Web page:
“Fitbit did not just admit that arbitration of these claims is irrational for Ms. McLellan alone,” Lieff Cabraser’s June 14 brief said. “It admitted that arbitration here is irrational for any consumer.”

Not so, according to a new brief from Fitbit. The company said it never intended to suggest that it wouldn’t make sense for its dissatisfied customers to bring the arbitration proceedings mandated in the consumer contracts Fitbit imposes on users. What the company meant, it told Judge Donato, is that it wouldn’t make sense for Fitbit to spend the money to arbitrate an individual customer’s $162 claim.

“Plaintiffs misinterpret counsel’s words,” the brief said. “(Fitbit) counsel was not speaking about Ms. McLellan. He was speaking about Fitbit specifically, and defendants generally…. Fitbit’s point was that in this case it didn’t make sense to pay the fees required to arbitrate Ms. McLellan’s claim if she was demanding less than what those fees would amount to and would entertain an offer to resolve her claims. And because Fitbit felt it had offered more than Ms. McLellan’s best-case award at arbitration, it considered the matter as concluded pending further guidance from AAA.”

Fitbit said it wasn’t trying to evade a determination of arbitrability when it offered McLellan more than $2800 to drop her arbitration case but simply “felt that settling Ms. McLellan’s monetary demands was the most rational strategy to determine the scope of her claims.” The company said Lieff Cabraser had misconstrued MoFo comments in a phone conference about the rejected settlement offer and at the May 31 hearing before Judge Donato: “Fitbit never took the position that its offer mooted Ms. McLellan’s claim or somehow terminated proceedings before the AAA,” the brief said. “When counsel remarked that Fitbit’s (terms of service) do not require what ‘no rational litigant would do,’ counsel was referring to Fitbit, not Ms. McLellan.”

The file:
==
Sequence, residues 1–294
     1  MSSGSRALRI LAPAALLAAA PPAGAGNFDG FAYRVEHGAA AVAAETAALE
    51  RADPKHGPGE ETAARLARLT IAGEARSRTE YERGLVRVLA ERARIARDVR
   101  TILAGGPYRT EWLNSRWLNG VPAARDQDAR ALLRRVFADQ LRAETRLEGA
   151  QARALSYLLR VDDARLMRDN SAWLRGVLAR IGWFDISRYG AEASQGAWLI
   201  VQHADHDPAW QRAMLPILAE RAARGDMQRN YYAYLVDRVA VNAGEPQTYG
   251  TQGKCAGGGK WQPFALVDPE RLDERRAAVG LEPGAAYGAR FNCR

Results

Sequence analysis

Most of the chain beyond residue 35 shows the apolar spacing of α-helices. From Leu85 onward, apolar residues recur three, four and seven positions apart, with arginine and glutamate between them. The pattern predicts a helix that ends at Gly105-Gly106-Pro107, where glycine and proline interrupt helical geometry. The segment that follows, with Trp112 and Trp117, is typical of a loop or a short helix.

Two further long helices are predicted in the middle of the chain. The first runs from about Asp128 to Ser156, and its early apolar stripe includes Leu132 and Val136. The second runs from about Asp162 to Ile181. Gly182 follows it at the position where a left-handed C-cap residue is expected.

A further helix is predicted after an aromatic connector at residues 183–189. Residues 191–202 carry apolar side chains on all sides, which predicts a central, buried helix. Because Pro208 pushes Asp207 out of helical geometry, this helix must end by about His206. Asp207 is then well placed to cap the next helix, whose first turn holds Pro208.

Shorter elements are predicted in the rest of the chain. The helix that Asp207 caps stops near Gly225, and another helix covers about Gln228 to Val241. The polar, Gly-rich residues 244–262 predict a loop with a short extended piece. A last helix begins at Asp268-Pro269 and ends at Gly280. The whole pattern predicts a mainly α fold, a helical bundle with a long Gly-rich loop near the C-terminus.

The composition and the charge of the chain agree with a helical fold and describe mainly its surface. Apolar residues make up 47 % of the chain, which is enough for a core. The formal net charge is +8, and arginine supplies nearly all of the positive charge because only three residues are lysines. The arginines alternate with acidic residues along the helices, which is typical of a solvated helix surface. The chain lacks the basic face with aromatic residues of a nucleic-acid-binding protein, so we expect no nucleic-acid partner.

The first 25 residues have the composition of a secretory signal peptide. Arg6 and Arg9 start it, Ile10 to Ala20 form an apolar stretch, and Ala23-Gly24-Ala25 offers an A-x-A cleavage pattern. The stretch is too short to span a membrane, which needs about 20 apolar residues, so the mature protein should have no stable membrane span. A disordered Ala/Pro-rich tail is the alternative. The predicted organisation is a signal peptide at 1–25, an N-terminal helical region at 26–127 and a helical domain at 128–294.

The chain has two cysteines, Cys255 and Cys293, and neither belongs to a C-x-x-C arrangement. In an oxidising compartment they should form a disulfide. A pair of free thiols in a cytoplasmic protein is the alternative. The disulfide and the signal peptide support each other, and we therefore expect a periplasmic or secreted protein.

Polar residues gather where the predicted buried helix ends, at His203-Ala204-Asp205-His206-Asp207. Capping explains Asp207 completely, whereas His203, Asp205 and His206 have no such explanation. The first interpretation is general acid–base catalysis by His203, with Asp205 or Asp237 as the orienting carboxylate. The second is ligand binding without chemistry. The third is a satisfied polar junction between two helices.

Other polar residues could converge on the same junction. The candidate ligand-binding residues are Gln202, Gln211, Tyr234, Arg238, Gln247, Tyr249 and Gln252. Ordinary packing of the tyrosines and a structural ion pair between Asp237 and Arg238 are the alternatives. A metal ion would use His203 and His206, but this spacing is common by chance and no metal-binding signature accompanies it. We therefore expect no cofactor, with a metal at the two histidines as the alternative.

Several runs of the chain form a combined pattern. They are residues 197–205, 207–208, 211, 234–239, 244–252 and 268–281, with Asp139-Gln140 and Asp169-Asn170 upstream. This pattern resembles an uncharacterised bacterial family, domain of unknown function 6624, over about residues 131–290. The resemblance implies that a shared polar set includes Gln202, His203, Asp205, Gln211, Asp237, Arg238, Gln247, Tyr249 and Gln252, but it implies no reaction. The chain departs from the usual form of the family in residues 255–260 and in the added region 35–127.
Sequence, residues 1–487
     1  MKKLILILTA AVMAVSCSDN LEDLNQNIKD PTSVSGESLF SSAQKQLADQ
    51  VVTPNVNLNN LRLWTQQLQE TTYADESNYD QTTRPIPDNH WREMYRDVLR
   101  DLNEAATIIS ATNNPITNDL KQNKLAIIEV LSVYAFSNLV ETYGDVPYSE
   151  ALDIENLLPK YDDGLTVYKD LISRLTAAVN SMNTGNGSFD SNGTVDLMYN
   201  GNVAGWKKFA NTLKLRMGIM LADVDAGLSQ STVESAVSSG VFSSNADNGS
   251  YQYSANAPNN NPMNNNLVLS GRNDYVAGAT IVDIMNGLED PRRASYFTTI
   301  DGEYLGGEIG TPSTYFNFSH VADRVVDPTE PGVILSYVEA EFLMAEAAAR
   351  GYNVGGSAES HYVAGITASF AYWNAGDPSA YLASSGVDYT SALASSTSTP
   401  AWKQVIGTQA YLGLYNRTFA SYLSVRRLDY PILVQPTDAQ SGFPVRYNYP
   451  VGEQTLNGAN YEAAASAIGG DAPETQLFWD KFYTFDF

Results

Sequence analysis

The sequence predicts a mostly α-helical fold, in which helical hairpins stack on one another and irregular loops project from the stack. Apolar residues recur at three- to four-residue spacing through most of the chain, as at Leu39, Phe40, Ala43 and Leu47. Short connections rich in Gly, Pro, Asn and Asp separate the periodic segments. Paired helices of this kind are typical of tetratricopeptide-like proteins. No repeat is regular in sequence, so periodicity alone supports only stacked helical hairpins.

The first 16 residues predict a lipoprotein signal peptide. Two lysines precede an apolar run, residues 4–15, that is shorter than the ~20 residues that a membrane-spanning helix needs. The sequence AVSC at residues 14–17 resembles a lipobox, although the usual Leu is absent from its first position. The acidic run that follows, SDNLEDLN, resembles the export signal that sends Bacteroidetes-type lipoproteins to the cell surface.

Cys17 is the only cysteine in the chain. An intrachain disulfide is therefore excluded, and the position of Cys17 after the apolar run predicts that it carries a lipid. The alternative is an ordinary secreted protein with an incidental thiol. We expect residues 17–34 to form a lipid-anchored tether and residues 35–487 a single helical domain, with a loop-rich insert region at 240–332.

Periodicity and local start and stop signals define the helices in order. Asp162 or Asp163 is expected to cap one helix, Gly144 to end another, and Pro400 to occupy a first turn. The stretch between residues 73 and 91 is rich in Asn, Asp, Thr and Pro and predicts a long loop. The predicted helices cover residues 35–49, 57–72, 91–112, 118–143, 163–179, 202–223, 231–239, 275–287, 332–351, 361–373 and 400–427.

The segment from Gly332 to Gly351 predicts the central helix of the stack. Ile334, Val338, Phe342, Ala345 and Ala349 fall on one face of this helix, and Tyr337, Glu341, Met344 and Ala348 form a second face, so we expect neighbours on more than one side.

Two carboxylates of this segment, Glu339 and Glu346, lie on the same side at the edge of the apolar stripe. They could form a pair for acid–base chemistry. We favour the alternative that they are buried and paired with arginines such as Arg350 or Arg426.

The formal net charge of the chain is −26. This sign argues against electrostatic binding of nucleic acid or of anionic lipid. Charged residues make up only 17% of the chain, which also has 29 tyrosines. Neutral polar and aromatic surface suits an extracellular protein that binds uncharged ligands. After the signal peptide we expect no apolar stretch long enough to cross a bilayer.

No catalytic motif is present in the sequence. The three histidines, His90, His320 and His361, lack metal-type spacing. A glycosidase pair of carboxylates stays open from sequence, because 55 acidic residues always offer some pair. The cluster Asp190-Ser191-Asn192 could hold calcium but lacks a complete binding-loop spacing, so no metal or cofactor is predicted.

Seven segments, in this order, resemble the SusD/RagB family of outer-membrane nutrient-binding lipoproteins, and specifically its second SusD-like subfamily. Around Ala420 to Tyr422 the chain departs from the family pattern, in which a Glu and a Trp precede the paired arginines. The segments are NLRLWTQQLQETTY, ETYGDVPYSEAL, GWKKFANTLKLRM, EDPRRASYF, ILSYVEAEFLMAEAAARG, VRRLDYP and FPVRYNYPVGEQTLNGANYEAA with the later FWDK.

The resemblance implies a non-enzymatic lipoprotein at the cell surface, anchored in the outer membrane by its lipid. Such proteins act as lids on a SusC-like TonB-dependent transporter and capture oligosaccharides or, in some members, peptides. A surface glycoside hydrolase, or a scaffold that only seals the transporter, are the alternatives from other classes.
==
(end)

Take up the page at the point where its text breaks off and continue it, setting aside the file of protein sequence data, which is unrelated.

Fitbit said it does not have the power unilaterally to end customers’ arbitration case. The company asserted that it’s ready to move forward with McLellan’s arbitration and will repay her the filing fee she submitted to initiate the proceeding. If anyone is playing games, Fitbit said, it’s Lieff Cabraser, which stayed McClellan’s arbitration in order to tell Judge Donato about Fitbit’s rejected settlement offer.